The head of an expanding New York, London and Hong Kong gallery empire
Zwirner’s gallery, which celebrated its 25th anniversary in 2018, boasts a half-billion-dollar annual turnover, a stable of more than 60 artists and estates, and locations from New York (three galleries) to London to Hong Kong, where a new 900sqm space opened in January. Not prepared to stop there, the dealer has announced plans for a new $50m five-storey gallery in New York, designed by starchitect Renzo Piano (the first commercial gallery by the Italian), for delivery in 2020. Zwirner needs all the exhibition space he can get: this year alone he took on Rose Wylie, Lucas Arruda, Josh Smith, Harold Ancart and the estates of Franz West, Roy DeCarava, Joan Mitchell and Diane Arbus (the latter in collaboration with Fraenkel Gallery, San Francisco). While longer-standing gallery artists, such as Wolfgang Tillmans, Kerry James Marshall and Yayoi Kusama (to name just those who feature on this list) continue to push boundaries and set new agendas for the role of art today.
Such growth may have put Zwirner in a reflective mood – at the juncture between looking back on a quarter century that has seen the art market grow to a scale undreamed of in the early 1990s, and forward to a future he has the power to shape, Zwirner knows his decisions have consequences: when the subject of gallery giants whose size threatens to destabilise the art ecosystem was raised at an industry conference earlier this year, he proposed that art fairs ‘tax’ the biggest galleries in order to subsidise the participation of the smaller ones. A few months later, Art Basel announced just such a policy. This wasn’t merely abstract musing on the part of that gallerist – when plans for Zwirner’s Hong Kong gallery were announced last autumn, it turned out that dynamic young gallerist Leo Xu would close his own six-year-old gallery, Leo Xu Projects, to head up Zwirner’s Hong Kong operation.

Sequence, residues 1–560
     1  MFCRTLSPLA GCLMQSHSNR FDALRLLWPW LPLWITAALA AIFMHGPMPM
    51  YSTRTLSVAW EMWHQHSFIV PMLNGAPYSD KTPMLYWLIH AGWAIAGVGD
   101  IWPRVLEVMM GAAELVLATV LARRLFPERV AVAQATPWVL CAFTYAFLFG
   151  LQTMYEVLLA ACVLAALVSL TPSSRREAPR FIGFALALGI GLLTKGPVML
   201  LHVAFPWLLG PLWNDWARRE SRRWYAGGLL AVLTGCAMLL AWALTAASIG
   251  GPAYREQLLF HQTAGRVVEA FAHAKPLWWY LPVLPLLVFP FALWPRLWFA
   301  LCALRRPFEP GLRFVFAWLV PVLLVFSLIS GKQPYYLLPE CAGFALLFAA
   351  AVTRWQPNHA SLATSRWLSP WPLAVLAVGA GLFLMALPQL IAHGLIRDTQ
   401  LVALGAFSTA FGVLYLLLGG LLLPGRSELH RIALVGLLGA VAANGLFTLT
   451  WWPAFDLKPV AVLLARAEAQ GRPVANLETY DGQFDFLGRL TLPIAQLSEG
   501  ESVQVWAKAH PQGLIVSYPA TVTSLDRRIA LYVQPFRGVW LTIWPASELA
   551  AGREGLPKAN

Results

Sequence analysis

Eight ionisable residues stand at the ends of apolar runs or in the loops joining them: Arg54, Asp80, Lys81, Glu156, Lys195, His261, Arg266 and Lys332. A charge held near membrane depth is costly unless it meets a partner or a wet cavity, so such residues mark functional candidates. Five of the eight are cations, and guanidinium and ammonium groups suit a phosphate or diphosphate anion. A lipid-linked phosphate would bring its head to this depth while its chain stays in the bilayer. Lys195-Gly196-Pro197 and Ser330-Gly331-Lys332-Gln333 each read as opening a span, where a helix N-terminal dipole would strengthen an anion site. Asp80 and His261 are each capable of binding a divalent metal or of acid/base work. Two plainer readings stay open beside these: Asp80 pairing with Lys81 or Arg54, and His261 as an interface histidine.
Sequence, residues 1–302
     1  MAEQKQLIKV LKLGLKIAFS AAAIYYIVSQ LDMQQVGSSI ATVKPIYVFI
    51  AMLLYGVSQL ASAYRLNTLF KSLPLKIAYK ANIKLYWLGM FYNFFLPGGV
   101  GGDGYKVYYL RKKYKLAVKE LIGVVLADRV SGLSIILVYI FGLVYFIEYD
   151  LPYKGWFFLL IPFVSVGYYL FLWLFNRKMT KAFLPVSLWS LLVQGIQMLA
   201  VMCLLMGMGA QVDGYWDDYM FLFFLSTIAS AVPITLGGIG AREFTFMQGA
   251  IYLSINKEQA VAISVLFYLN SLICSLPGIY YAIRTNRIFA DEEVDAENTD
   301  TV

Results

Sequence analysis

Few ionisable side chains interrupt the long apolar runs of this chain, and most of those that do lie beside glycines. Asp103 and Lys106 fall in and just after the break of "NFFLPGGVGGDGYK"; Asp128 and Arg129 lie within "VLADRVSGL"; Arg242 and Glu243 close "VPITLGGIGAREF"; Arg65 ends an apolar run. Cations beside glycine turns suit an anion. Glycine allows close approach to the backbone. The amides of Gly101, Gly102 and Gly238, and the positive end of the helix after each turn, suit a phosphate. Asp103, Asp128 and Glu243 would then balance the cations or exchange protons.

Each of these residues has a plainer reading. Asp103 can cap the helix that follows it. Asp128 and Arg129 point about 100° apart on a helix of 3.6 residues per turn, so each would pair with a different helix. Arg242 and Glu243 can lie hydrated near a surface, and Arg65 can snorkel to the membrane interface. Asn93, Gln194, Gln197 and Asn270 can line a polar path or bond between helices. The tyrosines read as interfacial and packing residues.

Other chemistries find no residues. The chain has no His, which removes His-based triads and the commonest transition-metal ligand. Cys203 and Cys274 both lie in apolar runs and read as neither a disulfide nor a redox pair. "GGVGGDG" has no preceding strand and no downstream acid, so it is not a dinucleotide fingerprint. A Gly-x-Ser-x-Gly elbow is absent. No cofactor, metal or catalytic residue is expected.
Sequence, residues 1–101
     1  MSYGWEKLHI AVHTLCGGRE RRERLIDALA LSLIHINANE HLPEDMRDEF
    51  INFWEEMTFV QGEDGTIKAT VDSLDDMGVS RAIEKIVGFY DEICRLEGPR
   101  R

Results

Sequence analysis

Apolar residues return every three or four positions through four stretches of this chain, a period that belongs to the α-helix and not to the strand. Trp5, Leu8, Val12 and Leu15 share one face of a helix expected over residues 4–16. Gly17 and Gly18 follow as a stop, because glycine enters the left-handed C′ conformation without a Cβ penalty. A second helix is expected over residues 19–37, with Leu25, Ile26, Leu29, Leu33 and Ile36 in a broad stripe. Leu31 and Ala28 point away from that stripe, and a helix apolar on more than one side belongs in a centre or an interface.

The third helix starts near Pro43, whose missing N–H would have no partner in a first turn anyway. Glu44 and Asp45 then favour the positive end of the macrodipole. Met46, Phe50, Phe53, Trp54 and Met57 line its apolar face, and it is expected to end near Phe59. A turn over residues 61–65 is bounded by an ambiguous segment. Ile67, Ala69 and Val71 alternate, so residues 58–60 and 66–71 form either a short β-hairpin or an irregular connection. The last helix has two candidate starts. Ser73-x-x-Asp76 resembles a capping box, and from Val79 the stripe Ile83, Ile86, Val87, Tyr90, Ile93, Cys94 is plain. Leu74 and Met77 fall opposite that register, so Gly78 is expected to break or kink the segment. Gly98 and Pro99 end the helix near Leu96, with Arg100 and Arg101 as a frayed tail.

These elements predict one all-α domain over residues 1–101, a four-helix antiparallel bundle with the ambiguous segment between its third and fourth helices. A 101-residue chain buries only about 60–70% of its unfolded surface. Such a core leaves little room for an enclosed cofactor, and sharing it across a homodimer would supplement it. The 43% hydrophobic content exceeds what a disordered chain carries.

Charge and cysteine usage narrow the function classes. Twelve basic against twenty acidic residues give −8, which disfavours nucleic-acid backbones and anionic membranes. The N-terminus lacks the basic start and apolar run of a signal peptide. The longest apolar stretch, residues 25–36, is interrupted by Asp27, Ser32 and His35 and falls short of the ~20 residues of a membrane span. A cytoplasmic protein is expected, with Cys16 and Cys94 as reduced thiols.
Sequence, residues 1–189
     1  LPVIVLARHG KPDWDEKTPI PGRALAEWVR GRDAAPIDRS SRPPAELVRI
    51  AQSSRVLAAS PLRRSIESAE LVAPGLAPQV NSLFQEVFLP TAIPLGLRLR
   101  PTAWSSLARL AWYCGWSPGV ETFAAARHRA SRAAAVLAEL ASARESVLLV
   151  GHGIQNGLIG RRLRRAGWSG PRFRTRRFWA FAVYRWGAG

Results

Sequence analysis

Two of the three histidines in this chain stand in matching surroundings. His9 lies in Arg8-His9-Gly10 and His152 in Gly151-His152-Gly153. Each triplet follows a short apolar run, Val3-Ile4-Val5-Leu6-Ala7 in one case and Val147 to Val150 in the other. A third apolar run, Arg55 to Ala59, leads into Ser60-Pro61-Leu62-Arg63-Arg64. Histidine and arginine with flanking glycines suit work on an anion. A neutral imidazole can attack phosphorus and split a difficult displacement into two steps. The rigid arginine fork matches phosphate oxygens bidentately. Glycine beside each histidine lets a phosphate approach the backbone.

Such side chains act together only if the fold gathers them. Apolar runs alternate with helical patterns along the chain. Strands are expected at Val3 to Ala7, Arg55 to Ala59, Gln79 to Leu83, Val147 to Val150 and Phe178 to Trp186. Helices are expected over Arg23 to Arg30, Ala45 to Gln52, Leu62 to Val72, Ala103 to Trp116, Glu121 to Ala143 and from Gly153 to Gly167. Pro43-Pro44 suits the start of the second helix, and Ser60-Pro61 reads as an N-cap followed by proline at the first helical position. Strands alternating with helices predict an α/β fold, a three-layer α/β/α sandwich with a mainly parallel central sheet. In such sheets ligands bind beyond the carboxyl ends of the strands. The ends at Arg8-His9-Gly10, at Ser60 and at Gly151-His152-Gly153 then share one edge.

‘Artists want you to stay small; they hate when stuff changes,’ Zwirner said in January, asking, perhaps rhetorically, ‘how do you keep it intimate while being able to compete in the increasingly competitive art market?’ How to square that circle has depended on Zwirner’s careful attention to keeping the focus on the artists and their work, while assiduously navigating their reputations through the increasingly turbulent and ever-deepening waters of the global art system. It’s perhaps why, even when Franz West left him in 2001 for Gagosian (West was the artist who inaugurated Zwirner’s first gallery, in 1993), the artist’s estate returned to the Zwirner fold this year. And nurturing art-historical legacies is as important as steering current careers: when the estate of Anni Albers (together with husband Josef's) came to Zwirner in 2016, the pioneering textile artist (who died in 1994) had been all but forgotten. Since last year, retrospectives of Anni Albers’s work have opened at the Guggenheim Bilbao and Tate Modern.
Besides all that, the gallery is now operating an expansive publishing arm, and not of the type solely dedicated to boosting the careers of those in whom the gallery has a vested commercial interest (though it does that too). Headed by Zwirner’s son Lucas, David Zwirner Books’s recent publications have included Jarrett Earnest’s portrait of the state of art criticism (a series of interviews with prominent critics titled What It Means to Write About Art), Roy DeCarava and Langston Hughes’s tribute to ordinary people (The Sweet Flypaper of Life), Donald Shambroom’s account of Marcel Duchamp’s final hours (Duchamp’s Last Day) and a reprint of John Ruskin’s 1860 analysis of Giotto’s Arena Chapel (Giotto and His Works in Padua). All of which puts Zwirner in a position to raise the bar for what a commercial gallery can be, how it can operate and how it might integrate with the broader, changing artworld of today.